Tyler White has already accomplished a hell of a lot for a baseball player, no less a baseball player who wasn’t drafted until the 33rd round. He earned six minor-league promotions in just three years. He hit .311/.422/.489 across those six stops — a surefire way to quickly climb the organizational ladder. He was invited to the Houston Astros’ big-league camp, where he hit .348/.446/.543, and at the end of it all, he was handed the Opening Day job as the team’s first baseman, and why wouldn’t he?
It was somewhat of a surprise, given White having never played in the majors, and the Astros’ status as a contender, and Jon Singleton having been the favorite throughout the winter, but White outplayed Singleton, and frankly, White’s outplayed Singleton every step of the way.
So a 25-year-old rookie is now the starting first baseman on a team many consider to be the best in the American League, and expectations, naturally, are high. It doesn’t take much more than a quick perusal of #AstrosTwitter to see the hype surrounding White. Many feel he’s the long-term answer at first base for a team who gave 47 starts to Luis Valbuena and Marwin Gonzalez there in the midst of a playoff run last season. Some are calling for Rookie of the Year. Someone I spoke with recently loosely compared him to Paul Goldschmidt, if not only as late-round first basemen who were slept on during their ascent through the minor leagues, despite doing nothing but crushing every level at which they played.
And it’s true — White has been slept on. Even this year, a year after putting up a .467 on-base percentage and 178 wRC+ at Triple-A, he didn’t make a single top-100 prospect list. Not at MLB, not at ESPN, not at Baseball America, not at BaseballProspectus. Our own Dan Farnsworth was higher on White than any other prospect evaluator this offseason, and even Farnsworth’s bullishness pegged White as the sixth-best prospect in the system.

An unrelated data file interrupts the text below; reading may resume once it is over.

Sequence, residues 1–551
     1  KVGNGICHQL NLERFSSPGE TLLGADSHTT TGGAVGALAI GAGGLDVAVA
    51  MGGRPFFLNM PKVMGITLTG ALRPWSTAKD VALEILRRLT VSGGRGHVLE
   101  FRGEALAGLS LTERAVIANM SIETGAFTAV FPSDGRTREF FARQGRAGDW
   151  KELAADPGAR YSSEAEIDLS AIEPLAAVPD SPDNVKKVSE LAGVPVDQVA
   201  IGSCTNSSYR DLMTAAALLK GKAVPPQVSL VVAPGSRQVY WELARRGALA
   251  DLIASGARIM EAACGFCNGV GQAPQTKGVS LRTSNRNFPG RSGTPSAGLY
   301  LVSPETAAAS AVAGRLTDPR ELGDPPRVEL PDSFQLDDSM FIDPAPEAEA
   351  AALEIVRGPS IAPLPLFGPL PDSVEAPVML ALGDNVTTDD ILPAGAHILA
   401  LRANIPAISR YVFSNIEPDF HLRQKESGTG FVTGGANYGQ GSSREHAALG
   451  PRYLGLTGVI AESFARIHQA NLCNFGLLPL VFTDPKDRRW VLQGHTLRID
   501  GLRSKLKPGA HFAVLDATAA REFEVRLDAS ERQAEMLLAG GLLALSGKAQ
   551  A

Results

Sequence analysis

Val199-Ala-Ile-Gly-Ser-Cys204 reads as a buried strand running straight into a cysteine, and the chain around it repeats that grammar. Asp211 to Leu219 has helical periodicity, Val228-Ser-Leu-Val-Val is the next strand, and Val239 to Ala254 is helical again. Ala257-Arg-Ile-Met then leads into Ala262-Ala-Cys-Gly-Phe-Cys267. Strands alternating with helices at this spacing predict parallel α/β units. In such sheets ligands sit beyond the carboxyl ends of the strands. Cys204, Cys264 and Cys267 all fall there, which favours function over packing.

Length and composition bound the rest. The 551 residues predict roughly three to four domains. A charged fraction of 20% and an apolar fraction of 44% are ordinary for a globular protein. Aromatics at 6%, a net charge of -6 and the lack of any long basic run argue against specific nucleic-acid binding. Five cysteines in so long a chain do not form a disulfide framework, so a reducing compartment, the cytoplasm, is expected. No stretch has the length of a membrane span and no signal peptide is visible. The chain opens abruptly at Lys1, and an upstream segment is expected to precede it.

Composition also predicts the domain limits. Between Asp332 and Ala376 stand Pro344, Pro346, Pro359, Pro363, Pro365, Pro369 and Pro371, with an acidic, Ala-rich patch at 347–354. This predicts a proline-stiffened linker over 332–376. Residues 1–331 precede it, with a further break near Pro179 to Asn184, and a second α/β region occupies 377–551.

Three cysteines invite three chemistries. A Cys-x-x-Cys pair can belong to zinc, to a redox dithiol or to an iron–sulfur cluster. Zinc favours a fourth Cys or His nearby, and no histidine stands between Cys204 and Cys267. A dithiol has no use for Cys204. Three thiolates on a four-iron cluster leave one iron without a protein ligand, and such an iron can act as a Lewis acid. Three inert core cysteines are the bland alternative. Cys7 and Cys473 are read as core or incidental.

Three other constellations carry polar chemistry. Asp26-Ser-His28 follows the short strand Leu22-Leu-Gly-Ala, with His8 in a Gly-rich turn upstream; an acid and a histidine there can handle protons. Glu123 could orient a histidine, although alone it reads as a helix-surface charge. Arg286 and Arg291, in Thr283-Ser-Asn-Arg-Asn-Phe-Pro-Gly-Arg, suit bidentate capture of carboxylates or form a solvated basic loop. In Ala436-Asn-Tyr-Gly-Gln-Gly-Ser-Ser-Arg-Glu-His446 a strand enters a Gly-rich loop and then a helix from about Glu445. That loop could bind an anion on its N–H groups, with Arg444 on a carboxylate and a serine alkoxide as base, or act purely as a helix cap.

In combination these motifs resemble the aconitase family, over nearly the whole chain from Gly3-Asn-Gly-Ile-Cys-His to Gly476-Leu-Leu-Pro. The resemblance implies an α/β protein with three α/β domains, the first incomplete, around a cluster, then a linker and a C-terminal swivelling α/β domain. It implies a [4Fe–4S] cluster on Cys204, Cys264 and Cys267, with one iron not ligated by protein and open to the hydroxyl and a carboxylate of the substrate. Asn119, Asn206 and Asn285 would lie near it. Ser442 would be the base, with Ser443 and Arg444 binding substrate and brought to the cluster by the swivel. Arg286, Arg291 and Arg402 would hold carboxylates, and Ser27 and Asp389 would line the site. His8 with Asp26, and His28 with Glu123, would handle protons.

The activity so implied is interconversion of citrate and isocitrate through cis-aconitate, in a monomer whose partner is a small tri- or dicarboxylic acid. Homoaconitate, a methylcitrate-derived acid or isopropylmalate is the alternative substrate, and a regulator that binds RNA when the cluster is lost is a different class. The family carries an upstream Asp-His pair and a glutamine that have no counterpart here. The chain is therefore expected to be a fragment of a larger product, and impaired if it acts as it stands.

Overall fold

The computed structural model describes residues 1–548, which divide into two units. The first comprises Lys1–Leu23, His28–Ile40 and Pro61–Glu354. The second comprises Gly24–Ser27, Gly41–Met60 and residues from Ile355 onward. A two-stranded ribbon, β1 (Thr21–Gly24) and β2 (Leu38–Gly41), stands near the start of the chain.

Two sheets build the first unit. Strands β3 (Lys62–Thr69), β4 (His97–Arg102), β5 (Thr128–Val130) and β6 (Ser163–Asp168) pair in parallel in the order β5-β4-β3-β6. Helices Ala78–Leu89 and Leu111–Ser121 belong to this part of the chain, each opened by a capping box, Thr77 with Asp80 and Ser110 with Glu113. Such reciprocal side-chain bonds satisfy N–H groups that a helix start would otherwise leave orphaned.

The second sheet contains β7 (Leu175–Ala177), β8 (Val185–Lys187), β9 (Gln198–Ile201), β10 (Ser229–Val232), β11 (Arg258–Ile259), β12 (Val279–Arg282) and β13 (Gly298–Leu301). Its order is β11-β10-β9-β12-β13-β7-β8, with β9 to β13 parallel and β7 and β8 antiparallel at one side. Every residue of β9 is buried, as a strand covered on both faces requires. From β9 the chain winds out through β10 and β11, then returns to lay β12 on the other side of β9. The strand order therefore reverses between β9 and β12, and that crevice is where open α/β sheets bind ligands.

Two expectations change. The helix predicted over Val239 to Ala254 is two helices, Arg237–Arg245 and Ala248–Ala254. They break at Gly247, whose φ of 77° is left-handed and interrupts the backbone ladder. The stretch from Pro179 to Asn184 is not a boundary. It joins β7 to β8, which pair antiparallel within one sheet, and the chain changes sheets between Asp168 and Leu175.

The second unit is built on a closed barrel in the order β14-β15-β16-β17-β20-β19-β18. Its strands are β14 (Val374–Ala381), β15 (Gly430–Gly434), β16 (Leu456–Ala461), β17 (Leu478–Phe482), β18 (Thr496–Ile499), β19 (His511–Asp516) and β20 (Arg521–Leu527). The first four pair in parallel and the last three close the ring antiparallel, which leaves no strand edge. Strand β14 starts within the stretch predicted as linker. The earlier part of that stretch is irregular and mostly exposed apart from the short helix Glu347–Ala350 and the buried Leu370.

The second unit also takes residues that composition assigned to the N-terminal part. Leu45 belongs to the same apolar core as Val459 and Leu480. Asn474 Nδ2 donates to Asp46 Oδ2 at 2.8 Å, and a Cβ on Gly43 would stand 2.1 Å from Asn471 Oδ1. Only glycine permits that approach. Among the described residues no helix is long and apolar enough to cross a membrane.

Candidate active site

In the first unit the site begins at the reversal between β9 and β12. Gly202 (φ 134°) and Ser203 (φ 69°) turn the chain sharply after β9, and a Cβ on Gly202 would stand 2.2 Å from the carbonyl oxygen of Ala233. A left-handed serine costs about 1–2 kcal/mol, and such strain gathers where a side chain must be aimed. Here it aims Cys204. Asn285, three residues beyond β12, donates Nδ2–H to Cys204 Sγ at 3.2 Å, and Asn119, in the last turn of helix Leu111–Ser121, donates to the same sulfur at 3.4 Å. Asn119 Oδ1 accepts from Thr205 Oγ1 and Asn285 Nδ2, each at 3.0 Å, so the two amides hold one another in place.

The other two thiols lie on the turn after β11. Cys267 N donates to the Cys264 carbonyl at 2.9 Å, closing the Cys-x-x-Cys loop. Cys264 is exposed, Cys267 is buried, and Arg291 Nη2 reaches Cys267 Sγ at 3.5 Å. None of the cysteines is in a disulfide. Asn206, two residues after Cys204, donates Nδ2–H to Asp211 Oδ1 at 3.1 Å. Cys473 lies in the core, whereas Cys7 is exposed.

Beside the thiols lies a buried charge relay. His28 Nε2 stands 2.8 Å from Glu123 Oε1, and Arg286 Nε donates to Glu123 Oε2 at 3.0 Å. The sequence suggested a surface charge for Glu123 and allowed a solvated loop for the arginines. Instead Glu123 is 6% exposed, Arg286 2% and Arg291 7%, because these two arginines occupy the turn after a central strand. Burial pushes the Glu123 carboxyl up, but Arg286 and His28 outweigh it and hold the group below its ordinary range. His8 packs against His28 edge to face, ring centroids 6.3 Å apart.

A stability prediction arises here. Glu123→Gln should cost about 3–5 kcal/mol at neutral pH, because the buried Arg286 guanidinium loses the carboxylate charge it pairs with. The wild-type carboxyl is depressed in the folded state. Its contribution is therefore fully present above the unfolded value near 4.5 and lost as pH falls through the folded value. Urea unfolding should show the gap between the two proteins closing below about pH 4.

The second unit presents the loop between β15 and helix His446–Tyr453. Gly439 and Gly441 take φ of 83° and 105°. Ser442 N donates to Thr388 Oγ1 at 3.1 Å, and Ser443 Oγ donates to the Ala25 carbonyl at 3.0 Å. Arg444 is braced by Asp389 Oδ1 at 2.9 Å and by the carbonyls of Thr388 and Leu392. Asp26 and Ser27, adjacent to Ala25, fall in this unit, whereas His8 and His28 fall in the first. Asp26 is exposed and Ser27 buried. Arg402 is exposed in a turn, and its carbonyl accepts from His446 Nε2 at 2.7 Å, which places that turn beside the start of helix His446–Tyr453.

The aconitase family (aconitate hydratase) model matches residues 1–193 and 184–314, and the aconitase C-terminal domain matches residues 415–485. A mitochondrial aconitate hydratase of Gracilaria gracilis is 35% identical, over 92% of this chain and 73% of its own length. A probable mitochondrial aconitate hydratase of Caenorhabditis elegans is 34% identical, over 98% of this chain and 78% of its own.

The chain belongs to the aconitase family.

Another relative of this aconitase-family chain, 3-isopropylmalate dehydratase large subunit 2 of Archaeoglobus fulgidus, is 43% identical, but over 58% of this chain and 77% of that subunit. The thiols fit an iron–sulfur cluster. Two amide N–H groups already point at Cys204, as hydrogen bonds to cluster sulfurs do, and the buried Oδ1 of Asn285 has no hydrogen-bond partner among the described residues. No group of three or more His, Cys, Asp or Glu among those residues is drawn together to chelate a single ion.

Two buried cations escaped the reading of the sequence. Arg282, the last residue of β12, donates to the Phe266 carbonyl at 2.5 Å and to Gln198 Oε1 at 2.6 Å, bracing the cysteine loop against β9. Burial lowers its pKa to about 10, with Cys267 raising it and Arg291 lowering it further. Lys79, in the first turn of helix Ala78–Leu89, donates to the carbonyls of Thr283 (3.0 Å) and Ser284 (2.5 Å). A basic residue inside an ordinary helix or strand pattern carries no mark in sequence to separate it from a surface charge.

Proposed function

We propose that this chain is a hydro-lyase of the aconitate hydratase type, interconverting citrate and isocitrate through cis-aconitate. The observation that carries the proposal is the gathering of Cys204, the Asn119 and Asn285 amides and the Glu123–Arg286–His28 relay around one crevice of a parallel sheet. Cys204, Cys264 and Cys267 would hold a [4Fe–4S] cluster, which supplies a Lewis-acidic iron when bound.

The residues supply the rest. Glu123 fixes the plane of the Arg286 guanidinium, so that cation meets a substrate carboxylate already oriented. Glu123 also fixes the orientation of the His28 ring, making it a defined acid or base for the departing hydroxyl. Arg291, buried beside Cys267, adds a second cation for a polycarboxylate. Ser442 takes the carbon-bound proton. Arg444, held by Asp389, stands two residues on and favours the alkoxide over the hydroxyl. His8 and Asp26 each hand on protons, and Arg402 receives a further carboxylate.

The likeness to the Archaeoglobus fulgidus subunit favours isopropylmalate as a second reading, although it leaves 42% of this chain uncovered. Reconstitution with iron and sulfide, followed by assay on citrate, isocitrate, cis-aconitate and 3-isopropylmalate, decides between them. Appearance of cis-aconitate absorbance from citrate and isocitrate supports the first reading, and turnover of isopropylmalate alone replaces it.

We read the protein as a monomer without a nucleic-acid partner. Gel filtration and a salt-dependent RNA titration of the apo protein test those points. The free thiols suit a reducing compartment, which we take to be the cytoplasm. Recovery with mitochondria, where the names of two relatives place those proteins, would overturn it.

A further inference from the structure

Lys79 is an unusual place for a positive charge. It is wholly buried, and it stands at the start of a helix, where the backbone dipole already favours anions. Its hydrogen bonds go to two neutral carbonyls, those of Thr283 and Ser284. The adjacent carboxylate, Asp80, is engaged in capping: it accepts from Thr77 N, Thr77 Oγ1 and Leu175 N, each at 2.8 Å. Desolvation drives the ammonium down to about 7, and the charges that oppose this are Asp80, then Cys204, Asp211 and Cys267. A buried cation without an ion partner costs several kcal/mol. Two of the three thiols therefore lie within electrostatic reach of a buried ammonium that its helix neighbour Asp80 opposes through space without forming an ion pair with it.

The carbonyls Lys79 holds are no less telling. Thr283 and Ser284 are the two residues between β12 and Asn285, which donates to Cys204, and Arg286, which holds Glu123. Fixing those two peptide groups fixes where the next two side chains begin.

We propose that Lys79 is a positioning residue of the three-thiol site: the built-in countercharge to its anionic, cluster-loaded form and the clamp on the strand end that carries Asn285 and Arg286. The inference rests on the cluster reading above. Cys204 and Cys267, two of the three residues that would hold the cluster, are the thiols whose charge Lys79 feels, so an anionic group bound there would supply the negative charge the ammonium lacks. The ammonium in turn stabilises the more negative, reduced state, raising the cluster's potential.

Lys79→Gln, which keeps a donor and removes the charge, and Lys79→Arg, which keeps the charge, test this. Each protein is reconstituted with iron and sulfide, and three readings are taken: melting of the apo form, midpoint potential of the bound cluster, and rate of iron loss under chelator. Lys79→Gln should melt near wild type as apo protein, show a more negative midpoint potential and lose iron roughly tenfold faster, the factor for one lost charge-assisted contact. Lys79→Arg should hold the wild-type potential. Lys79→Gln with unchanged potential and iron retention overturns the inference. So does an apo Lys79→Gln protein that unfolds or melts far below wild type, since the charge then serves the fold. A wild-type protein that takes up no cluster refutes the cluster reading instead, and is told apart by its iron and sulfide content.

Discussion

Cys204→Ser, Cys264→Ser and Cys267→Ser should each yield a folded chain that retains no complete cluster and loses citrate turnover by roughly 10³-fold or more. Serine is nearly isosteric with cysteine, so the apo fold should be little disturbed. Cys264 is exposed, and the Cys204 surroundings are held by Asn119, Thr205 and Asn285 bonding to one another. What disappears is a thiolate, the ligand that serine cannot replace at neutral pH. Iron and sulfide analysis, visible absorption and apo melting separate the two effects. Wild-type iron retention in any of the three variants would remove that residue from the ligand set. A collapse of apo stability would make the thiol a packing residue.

Mostly, it has to do with the position. White came up as a third baseman, but has since been moved to first and may even be better suited as a designated hitter. He offers little in the way of speed, and without any value coming from the field or the bases, the bat’s got to be elite for him to have value as a prospect. His career minor-league wRC+ is 157, which sure hints at an elite bat — for reference, Goldschmidt’s was 163 — but what makes White such a compelling case, beyond the production defying his late-round draft status, is his offensive profile.
See, White’s overall production in the minors has mirrored that of a slugging first baseman, but the way he goes about that production has not. More specifically: for a first baseman, he doesn’t have much in the way of power. Instead, he derives his offensive value from a remarkable ability to control the strike zone; in the minors, he’s walked 174 times and struck out 164 times. Yes, that’s more walks than strikeouts across more than 1,200 plate appearances.
White is intriguing due in part not only to his career trajectory, but also his profile. Both seem nearly unprecedented, and so in cases like these, when we begin treading into unfamiliar territory, it only makes sense to gain context by means of historical perspective.
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